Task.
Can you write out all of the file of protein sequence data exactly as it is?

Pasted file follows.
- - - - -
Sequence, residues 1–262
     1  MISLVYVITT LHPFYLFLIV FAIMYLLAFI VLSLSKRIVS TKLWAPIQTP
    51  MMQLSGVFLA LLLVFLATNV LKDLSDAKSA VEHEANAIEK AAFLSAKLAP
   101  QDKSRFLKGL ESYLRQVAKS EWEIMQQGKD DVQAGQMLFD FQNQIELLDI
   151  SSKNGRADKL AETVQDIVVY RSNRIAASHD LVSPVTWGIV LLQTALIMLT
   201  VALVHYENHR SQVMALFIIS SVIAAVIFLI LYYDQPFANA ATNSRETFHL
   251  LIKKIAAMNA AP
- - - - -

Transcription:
Sequence, residues 1–262
     1  MISLVYVITT LHPFYLFLIV FAIMYLLAFI VLSLSKRIVS TKLWAPIQTP
    51  MMQLSGVFLA LLLVFLATNV LKDLSDAKSA VEHEANAIEK AAFLSAKLAP
   101  QDKSRFLKGL ESYLRQVAKS EWEIMQQGKD DVQAGQMLFD FQNQIELLDI
   151  SSKNGRADKL AETVQDIVVY RSNRIAASHD LVSPVTWGIV LLQTALIMLT
   201  VALVHYENHR SQVMALFIIS SVIAAVIFLI LYYDQPFANA ATNSRETFHL
   251  LIKKIAAMNA AP